Hardwood Silviculture Notes
The two-age system is designed to maintain two distinct age classes in a forest. This system is generally initiated using a deferment harvest, sometimes referred to as a shelterwood or clearcut with reserves (Figure 1). The deferment harvest retains a limited basal area of canopy trees while allowing the majority of the area to regenerate. The harvest initially creates a stand that contains scattered or small groups of older trees, typically one rotation length in age, surrounded by a regenerating age class. The canopy trees that are left are termed reserve trees. At the end of a second rotation length the stand contains a limited number of large reserve trees, two rotation lengths in age, and a larger number of trees that are one rotation length in age.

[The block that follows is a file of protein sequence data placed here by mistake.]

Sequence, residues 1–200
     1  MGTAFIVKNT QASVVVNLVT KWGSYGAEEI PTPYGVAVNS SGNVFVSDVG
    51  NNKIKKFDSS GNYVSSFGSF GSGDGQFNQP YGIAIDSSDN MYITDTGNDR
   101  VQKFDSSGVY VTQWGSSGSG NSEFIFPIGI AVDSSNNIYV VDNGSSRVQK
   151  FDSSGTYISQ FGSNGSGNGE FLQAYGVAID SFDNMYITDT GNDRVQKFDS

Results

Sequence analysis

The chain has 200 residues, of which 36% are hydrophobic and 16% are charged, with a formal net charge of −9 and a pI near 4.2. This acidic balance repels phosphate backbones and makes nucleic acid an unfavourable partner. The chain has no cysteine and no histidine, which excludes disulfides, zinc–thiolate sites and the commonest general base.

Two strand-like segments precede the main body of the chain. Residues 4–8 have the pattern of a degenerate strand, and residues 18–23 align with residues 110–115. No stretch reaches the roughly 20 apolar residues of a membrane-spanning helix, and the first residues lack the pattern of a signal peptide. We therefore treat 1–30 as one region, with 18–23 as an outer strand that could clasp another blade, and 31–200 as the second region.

The two-age system is a viable method for managing many hardwood stands where longer-lived species are present. The system provides for vigorous regeneration and the development of average size and valued sawtimber trees and a significant component of older and larger high-value veneer and grade sawtimber trees. The system also provides for structural components that are lacking in even-aged stands. These structural components can benefit wildlife populations and provide old-growth characteristics. Like any silvicultural option, the two-age system has benefits and constraints and is not appropriate for every management objective or stand condition. The system does provide landowners and managers with options not available with other systems; however, proper implementation is required.
"SP679 Two-Age System and Deferment Harvests," The University of Tennessee Agricultural Extension Service, R12-4910-026-005-06 SP676-1.5M-6/06 06-0332, http://trace.tennessee.edu/utk_agexfores/25